The Bug (Kevin Martin) and Earth (led by Dylan Carlson) have each spent over 20 years exploring sound worlds that – taken at face value – may seem incompatible. Martin has engaged most fully with the bass-heavy world of dub, embracing dancehall, hip-hop, industrial and reggae along the way. Carlson, meanwhile, became known through Earth’s transformation of doom metal through the prism of drone. In more recent years Earth’s sound has been further refracted through Carlson’s passion for Americana and folk musics, creating a sound as melancholic and haunting as early Earth records were crushing.
There’s a lot made, in the press release accompanying this album, of Carlson and Martin’s obsessional interest in the 'heavy'. What exactly this term means is, of course, up to the listener as much as it is either musician, or I for that matter. Allow me, however, to use my reviewer’s privilege to dismiss discussion of the 'heavy' from my remarks on Concrete Desert. To see this record in binary terms dictated by contrast – ultimately the defining factor of 'heaviness' – seems relatively unnecessary. Concrete Desert is far from being a heavy record. In fact, despite the toned down approach Earth offered on records such as the Angels of Darkness, Demons of Light duo, this might be the most “ambient” record Carlson has been involved in to date.
That is not to say that there are not moments of definite menace spread across the album. Opener ‘Gasoline’ actually feels rather like the build-up to an onslaught of spectral drone, but the tension subsides. The creeping bassline of ‘Agoraphobia’ is sublime and one could be forgiven – when it’s joined by a vaguely Morricone-esque Carlson guitar figure – for expecting it to push into deeper, darker territories, but again restrains appears to be the order of the day. Near the end of the record it’s the trio of ‘Don’t Walk These Streets’, ‘Other Side of the World’ and ‘Hell A’ that feel closer than anything else here to Martin’s catalogue, but they only tease at the arrival of a wall of bass, something they ultimately elect (wisely) not to deliver.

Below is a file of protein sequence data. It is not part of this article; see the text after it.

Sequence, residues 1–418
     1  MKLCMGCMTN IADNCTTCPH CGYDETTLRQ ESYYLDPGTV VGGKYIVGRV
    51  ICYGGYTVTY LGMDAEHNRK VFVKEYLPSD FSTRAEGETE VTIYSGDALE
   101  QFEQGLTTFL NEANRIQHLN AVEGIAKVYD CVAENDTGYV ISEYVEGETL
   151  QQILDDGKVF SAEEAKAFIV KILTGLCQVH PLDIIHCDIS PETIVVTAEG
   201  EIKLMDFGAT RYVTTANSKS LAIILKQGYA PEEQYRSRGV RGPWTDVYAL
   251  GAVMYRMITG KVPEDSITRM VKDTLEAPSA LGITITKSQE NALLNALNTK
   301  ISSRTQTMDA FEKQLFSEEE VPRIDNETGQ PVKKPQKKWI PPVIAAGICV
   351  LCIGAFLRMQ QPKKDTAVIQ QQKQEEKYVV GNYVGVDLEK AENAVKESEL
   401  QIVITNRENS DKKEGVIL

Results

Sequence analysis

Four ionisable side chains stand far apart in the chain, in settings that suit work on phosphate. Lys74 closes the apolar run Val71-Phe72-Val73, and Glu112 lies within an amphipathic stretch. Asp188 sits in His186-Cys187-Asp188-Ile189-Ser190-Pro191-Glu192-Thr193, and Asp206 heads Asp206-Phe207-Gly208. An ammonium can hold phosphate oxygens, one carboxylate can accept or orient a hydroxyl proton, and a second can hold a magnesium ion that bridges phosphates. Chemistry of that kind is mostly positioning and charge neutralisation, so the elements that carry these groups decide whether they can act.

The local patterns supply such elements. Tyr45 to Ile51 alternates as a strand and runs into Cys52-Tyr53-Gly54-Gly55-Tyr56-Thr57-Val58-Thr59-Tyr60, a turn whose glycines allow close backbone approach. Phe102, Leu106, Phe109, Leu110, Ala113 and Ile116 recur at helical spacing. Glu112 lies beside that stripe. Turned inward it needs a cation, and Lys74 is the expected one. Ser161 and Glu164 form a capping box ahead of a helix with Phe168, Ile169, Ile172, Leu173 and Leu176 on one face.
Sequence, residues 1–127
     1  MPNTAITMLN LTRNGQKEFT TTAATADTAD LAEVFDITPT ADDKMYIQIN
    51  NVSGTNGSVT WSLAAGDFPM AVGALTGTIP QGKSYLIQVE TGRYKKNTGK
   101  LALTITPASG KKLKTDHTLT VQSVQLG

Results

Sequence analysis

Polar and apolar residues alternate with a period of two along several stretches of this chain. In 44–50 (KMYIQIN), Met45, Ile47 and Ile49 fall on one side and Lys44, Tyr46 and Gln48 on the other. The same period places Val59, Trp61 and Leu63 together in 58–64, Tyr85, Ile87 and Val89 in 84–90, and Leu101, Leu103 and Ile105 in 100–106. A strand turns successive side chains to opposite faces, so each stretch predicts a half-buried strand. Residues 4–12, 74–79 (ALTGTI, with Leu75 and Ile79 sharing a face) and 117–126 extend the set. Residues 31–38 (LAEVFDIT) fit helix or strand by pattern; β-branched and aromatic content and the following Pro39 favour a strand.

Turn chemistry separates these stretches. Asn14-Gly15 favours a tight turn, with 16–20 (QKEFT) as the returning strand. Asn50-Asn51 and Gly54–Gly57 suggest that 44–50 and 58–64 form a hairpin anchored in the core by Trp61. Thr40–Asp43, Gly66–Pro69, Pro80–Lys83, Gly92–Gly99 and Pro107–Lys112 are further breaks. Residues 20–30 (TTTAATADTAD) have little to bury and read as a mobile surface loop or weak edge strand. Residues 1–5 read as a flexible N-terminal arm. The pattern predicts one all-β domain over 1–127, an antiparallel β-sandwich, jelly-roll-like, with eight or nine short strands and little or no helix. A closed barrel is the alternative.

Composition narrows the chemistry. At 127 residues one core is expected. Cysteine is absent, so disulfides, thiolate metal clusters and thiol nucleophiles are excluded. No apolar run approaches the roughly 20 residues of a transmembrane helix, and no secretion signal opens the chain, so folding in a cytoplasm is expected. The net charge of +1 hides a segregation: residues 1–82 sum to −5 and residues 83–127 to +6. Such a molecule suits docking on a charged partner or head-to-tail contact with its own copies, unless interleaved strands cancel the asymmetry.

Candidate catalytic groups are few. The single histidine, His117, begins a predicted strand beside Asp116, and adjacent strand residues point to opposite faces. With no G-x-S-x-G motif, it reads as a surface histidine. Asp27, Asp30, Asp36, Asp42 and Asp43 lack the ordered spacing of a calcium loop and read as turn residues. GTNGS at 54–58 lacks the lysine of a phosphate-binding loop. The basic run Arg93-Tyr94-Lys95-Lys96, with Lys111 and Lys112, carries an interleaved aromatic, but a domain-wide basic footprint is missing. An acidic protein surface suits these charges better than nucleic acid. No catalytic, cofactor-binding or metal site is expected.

On the other side of the coin are Concrete Desert’s many moments of beauty. The lush intro to ‘City of Fallen Angels’, in which Carlson’s guitar is joined by widescreen synths, is a case in point. This encourages the impression, hinted at in the first three tracks, that the album might represent something new for each artist. Concrete Desert feels like a defiantly epic record and, despite its title, might belong more as a soundtrack for volcanic Icelandic vistas than brutal, grey cityscapes. There are echoes of the self-consciously cerebral fare of Pink Floyd here that seem to contradict the noir-esque aesthetic reached for by the album’s title. In fact, if noir is on offer here, then it’s that deployed by Vangelis on the Blade Runner soundtrack.
Like much of the glorious soundworld created for that film, however, little here feels strongly welded to permanent rainfall and the constant flash of neon lights. ‘American Dream’, which adopts the role of mid-album centrepiece here, is a case in point. Over its ten minute running time it appears to be hinting not in the direction of dystopia but instead in that of a crystal-tinged future that can only just be glimpsed on the furthest reaches of a stormy horizon. By the time the 14-minute closing title track rolls in, the listener may well feel like they are closer to that glorious, distant vision.
This rather undermines the notion of Concrete Desert as an exploration of the multi-faceted gloom purveyed by both Carlson and Martin over their careers to date. Concrete Desert may – for some listeners – be missing an excavation of the dark musical hearts of each of these two fine musicians, but what it offers instead is something tangibly unique in the catalogues of two legendary figures.
7Benjamin Bland's Score